Wednesday, March 26, 2014

`Form Has Gained Its End'

Wesley Trimpi, poet and scholar, died in Stanford Hospital on March 6 at the age of eighty-five. I learned of his death from his former wife, Helen Pinkerton, who wrote to me on Tuesday: “We met in a writing class of Yvor Winters in 1946, when he was a freshman. He published some pretty good poems, but chose, instead, to become a great scholar of Classical, Medieval and Renaissance literary criticism.” The fruit of Trimpi’s scholarship was published as Ben Jonson’s Poems: A Study of the Plain Style (Stanford University Press, 1962) and Muses of One Mind: The Literary Analysis of Experience and Its Continuity (Princeton University Press, 1983). The Jonson book (dedicated to J.V. Cunningham, “a master of the plain style”) I read a long time ago. Muses I struggled to finish, at the suggestion of Helen and with the encouragement of David Myers, almost two years ago. The struggle was the result of my threadbare education not Trimpi’s thinking and prose, which are admirably clean and orderly. Here is one of Trimpi’s “pretty good poems,” first published in Poetry in 1948 and collected in The Glass of Perseus (Alan Swallow, 1953). I choose “Adirondacks: Late Summer 1948” because it describes a place where I’ve spent a lot of time and miss very much:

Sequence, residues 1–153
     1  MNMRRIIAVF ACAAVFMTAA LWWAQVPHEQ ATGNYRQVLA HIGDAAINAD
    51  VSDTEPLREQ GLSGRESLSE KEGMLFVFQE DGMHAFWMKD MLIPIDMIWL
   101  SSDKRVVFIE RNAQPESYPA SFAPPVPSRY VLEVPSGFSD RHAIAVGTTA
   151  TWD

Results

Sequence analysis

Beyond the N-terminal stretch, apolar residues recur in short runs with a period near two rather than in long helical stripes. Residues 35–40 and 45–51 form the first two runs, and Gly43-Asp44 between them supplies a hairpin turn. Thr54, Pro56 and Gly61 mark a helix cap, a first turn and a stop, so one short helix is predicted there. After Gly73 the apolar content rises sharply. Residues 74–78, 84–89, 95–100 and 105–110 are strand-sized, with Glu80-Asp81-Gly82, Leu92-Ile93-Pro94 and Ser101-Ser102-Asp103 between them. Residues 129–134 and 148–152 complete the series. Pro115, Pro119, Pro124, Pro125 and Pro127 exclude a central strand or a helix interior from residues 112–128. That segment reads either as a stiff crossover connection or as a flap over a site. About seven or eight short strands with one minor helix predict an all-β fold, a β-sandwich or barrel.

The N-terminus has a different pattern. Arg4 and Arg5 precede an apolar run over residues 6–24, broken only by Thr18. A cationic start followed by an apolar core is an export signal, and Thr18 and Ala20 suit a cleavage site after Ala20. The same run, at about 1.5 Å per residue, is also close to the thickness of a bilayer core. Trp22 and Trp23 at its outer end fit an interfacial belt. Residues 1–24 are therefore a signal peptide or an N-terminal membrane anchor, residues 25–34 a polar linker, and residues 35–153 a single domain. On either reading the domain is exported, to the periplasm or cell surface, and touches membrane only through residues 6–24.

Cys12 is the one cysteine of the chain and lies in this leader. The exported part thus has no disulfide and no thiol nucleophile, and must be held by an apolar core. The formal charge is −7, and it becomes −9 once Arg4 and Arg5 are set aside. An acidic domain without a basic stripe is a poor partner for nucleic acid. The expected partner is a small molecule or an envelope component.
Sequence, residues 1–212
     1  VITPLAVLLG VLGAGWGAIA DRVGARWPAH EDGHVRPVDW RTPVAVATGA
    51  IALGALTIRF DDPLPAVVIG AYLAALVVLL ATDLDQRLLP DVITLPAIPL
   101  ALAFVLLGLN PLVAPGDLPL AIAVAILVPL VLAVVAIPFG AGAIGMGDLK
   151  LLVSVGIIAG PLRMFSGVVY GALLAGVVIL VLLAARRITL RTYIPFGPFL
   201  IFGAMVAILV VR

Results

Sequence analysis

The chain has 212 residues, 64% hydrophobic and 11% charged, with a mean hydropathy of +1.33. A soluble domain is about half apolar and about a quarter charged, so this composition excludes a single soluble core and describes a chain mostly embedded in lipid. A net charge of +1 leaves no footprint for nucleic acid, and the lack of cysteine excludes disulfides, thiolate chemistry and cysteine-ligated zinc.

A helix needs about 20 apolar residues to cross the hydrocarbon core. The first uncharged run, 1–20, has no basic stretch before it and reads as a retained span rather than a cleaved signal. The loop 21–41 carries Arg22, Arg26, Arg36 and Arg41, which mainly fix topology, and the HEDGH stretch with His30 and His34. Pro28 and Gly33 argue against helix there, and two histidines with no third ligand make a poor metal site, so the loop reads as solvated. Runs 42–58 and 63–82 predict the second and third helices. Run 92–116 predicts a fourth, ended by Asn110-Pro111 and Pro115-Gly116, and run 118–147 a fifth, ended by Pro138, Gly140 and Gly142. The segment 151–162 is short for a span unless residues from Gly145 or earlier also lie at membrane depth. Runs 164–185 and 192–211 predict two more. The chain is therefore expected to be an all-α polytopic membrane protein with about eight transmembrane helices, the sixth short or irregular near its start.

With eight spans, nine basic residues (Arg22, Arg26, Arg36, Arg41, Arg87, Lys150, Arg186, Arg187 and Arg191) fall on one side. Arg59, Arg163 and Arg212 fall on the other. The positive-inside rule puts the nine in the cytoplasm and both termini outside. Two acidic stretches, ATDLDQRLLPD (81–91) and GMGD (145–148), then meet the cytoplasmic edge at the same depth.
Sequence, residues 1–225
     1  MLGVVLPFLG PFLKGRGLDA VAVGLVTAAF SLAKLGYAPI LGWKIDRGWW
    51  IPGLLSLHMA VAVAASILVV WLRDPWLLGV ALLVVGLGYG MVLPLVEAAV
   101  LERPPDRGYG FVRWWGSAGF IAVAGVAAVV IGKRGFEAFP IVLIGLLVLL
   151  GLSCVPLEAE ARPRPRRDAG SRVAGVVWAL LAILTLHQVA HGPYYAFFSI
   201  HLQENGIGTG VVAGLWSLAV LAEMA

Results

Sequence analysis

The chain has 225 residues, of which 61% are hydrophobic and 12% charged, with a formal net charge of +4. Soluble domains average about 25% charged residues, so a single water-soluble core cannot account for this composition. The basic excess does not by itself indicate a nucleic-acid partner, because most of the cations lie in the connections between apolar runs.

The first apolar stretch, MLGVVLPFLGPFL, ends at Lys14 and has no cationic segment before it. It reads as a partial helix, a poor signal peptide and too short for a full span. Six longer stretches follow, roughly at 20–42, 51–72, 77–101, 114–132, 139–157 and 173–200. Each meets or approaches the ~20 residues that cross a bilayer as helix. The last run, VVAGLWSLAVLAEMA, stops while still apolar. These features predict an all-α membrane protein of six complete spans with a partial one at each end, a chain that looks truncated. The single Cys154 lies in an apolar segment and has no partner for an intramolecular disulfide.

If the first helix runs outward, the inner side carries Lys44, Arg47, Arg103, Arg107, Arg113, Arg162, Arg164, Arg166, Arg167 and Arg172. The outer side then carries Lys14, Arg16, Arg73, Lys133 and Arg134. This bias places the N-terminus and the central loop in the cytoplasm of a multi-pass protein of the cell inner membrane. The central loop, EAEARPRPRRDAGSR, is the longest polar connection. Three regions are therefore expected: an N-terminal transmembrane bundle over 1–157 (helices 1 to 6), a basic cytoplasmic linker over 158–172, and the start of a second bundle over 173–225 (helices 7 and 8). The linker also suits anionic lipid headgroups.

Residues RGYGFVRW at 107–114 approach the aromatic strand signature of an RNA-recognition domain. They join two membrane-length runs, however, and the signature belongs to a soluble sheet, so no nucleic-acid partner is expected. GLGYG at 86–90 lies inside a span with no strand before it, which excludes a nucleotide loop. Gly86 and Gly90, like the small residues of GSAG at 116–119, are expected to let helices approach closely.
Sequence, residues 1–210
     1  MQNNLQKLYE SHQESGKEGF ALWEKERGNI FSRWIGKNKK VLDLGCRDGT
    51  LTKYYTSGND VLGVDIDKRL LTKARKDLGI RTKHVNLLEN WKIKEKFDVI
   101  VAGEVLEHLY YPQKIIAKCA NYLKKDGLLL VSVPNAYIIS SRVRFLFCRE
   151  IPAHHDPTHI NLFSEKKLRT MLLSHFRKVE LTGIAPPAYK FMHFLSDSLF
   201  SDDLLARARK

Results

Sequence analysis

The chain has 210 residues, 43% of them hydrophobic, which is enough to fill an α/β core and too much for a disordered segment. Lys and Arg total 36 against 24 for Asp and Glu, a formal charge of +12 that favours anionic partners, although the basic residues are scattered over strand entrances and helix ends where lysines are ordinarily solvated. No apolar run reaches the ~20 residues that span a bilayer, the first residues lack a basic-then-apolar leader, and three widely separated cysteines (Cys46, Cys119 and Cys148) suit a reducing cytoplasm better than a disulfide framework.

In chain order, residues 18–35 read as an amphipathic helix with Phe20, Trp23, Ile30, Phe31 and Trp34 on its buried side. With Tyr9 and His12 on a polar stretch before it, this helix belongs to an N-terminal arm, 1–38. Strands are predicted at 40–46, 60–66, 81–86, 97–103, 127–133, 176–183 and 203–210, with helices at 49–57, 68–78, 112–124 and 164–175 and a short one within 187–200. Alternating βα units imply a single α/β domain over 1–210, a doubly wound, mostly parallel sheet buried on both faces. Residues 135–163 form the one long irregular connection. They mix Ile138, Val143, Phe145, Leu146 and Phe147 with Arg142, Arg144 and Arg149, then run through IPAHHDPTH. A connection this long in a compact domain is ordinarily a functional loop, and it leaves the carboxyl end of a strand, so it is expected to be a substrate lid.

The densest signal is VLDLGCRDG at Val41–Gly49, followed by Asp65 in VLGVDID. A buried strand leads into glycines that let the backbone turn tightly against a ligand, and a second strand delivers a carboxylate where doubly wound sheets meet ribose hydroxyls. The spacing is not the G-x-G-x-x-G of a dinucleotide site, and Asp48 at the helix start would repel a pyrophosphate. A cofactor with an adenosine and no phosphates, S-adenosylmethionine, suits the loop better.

“The spruce are dense above the lake.
A thick, gray driftwood, sharp and bent,
Margins the shore with heavy lines.
The overhanging aspens shake
Their dry deciduous sentiment
Into the cool, reflected pines. 

“There is a limit here of tree
And water: form has gained its end,
Lost in continual reflection.
Through shades the glossy visions flee
And in a darker calm distend
Downward in shadowy perfection. 

“Across the lake at evening, wild
And distant, like unhallowed ghosts,
The loons converse. Rotten and dank,
The logs jut rudely: split and piled
They slant into the dusk like posts
Unearthed and cast against the bank.” 

The call of the loon is the most bereft sound I know in nature. I remember waking to it in the morning fog when camped on the shore of Pyramid Lake. It sounded like a lost, disconsolate soul. My condolences go to Helen and her family.

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